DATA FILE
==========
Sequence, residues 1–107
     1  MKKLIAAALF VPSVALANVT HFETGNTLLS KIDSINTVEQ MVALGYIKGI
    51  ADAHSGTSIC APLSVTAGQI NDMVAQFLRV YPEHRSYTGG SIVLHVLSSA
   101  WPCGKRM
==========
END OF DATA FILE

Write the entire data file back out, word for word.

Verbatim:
Sequence, residues 1–107
     1  MKKLIAAALF VPSVALANVT HFETGNTLLS KIDSINTVEQ MVALGYIKGI
    51  ADAHSGTSIC APLSVTAGQI NDMVAQFLRV YPEHRSYTGG SIVLHVLSSA
   101  WPCGKRM